Colleen lifted head. Her eyes took a moment to clear and focus on me, lending credence to my thought she was tired. And maybe more than simply tired.
“There’s a salad waiting for me at the office. Charity texted me while I was with the florist that she’d gotten me one.”
“Text her back and tell her to put it in the fridge. I’ll make you something to eat.”
While she contacted her assistant, I plated the luncheon salad I’d concocted for today’s menu and then put half of a ham and cheese sandwich into my Panini maker.
“Eat this until the sandwich is done.” I handed her the salad and a bottled water.
“What is it?”
“Spinach, cranberries, walnuts, raisins and carrots with a light pomegranate dressing and shaved Parmesan.”
Colleen shoved a forkful in and groaned. “Oh. My. God. Honestly, Maureen, you should have your own cooking show. This is insane.”
“Everything she makes is insane,” a male voice said from the doorway.
I knew that voice well, since it was a frequent inhabitant in my dreams most nights. Husky and deep, with a dash of just woken smoke, it was a voice that could cajole a lover into seduction and cut off a criminal at the knees.
Unfortunately, I’d never been either.
“Truth,” Colleen said through a mouthful of salad. “Why are you here?” she asked Heaven’s Chief of Police, Lucas Alexander before I could. “Somebody call a cop?”
Lucas flicked his moss green, heavily hooded gaze from my sister to me, one corner of his mouth tilting up. I actually had to contract my pelvic floor muscles whenever he looked at me so I wouldn’t melt to the floor in a pool of want. My ninety-three year old grandmother, Nanny Fee, calls this girding your loins. As far as a descriptive phrase for the maneuver, it’s a good one.
“You got a minute?” he asked me.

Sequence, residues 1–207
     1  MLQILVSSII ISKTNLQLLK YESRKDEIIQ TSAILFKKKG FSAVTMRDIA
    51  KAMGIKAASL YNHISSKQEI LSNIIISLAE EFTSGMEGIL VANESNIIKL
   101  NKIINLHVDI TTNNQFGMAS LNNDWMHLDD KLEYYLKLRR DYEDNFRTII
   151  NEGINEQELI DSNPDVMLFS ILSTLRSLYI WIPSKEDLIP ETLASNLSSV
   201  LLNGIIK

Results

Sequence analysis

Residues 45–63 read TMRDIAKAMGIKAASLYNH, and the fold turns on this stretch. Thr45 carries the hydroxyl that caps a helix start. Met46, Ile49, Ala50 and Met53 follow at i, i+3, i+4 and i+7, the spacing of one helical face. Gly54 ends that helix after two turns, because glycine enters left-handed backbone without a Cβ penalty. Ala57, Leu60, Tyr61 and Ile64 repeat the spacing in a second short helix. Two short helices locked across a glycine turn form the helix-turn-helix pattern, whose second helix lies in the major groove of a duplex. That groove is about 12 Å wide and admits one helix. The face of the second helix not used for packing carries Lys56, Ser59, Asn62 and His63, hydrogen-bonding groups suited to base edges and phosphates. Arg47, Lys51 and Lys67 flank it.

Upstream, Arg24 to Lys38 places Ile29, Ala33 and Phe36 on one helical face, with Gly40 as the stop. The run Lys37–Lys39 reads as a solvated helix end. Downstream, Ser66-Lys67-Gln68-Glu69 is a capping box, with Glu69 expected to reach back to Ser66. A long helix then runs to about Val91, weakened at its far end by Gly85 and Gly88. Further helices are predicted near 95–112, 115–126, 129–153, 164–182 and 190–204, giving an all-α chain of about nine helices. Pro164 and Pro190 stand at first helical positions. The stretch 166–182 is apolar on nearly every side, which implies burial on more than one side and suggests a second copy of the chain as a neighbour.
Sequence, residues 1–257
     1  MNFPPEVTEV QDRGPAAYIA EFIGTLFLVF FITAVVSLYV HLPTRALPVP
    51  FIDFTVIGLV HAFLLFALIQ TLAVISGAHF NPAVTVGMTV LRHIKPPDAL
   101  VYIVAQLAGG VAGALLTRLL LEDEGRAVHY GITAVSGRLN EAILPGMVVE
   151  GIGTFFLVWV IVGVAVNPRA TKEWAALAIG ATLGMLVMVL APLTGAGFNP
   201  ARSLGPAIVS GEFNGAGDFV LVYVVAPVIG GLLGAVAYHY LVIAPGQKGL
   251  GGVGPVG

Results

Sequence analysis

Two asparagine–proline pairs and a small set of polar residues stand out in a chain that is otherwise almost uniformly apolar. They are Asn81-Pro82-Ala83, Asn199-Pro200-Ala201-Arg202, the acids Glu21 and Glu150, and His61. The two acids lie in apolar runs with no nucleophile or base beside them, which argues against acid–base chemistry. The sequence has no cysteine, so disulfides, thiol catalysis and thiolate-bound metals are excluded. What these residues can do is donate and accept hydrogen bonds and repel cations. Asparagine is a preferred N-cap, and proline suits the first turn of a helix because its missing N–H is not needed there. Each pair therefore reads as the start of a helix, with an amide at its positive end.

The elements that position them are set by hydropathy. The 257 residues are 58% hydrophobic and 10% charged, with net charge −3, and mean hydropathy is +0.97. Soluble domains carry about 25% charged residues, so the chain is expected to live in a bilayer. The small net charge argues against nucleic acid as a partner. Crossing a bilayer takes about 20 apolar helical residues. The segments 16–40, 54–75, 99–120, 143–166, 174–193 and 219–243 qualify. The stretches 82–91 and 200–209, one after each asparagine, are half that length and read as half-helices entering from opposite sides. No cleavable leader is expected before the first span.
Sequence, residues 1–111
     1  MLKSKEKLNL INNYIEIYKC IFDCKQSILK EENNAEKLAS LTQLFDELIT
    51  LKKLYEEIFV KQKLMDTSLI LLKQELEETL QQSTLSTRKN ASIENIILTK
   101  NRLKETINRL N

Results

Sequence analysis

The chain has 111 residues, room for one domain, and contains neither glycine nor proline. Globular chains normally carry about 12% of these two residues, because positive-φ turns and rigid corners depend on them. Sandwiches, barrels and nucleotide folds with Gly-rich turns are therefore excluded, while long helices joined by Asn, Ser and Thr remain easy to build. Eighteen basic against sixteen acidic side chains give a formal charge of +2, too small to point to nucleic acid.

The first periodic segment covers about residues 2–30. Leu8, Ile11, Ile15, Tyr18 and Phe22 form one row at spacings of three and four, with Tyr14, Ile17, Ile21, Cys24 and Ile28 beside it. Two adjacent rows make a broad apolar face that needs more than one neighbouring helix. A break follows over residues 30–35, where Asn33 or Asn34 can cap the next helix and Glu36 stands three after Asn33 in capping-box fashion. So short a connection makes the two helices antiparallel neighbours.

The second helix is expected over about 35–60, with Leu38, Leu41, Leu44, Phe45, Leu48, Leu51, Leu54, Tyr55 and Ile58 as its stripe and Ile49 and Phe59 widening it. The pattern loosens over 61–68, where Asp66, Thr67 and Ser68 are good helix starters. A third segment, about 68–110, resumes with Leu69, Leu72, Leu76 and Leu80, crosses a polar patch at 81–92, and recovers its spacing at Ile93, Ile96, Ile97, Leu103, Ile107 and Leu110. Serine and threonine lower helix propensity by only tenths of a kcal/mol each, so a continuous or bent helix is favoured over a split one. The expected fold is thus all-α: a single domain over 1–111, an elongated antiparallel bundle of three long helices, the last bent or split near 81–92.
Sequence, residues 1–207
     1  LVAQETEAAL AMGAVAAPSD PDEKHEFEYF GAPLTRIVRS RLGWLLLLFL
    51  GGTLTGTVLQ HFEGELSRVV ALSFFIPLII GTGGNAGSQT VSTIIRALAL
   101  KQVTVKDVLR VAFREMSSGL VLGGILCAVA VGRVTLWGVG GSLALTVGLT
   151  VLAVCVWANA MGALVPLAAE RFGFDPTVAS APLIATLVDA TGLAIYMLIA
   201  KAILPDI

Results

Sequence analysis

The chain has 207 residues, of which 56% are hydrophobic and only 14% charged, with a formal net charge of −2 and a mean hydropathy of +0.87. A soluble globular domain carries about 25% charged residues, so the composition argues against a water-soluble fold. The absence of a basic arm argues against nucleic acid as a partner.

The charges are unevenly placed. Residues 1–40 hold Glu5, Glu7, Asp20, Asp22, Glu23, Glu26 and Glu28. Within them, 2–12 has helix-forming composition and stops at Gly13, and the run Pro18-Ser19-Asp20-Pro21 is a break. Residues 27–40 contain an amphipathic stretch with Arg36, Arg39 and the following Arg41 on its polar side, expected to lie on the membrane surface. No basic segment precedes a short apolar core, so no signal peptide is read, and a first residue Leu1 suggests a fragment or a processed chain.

I nodded. “A few. Then I have to get the dining room reading for tonight’s rehearsal dinner.” I turned and pulled Colleen’s sandwich from the press when the bell tinged. Lucas, always comfortable in my kitchen, moved to lean a hip against the counter and then halted mid stride.
I knew the cause of his sudden stop. I bit down on the inside of my lip while I handed Colleen her sandwich plate. She caught my eye, and my stifled grin, and realized the cause. Her lips lifted in a wicked grin.
Lucas cleared his throat. “Are those–? Wait. What, what are those? Are they…?”
“Are they what?” Colleen asked, innocence dripping from her voice, at the same time I asked, “Want one?”
Lucas turned to find the two of us staring at him, expressions blanked, and waiting for him to continue.
He huffed out a breath and dragged a hand through his hair. “Nothing,” he said, with a nervous shake of his head and shoulders.
Colleen glanced up at me, winked, and then took a huge bite of her Panini. “Oh, good Lord, Mo.”
I smiled and told her, “You’re welcome,” before I said to Lucas, “What’s up?”
He tilted his head to the right in a come-with-me move I’d seen him make innumerable times over the years.
In the breezeway that separated my private kitchen from the commercial one I used for the Inn I own and cook in, Lucas stopped, bit down on a corner of his mouth, and twirled his hat in his hands. If I didn’t know better, I’d think he was nervous, but nerves weren’t an emotion that lived in this man. His training as an army sniper had taught him how to remain calm in any crisis, cool under the hottest of circumstances. I’d never even heard him raise his voice in all the years I’d known him.
I repeated the question I’d asked in my kitchen.
“I need a favor.”
I rolled my hand in a go on gesture.
“Cathy might have mentioned that Robert’s coming to spend the summer with me and dad. Nora’s getting remarried this weekend and then leaving on a month long honeymoon.”
I nodded. “I’d heard that, but not from Cathy.” To the question in his eyes I said, “Nanny told me the other day when I dropped off her scone delivery at the nursing home. She heard it from Tillie Carlisle who got it from Maeve Capshaw, whose granddaughter, Olivia, told her. Nanny said Olivia was the one who introduced Nora to her intended at a divorced-and-looking event she’d hosted.”
“Jesus.” Lucas shook his head. “Small towns.”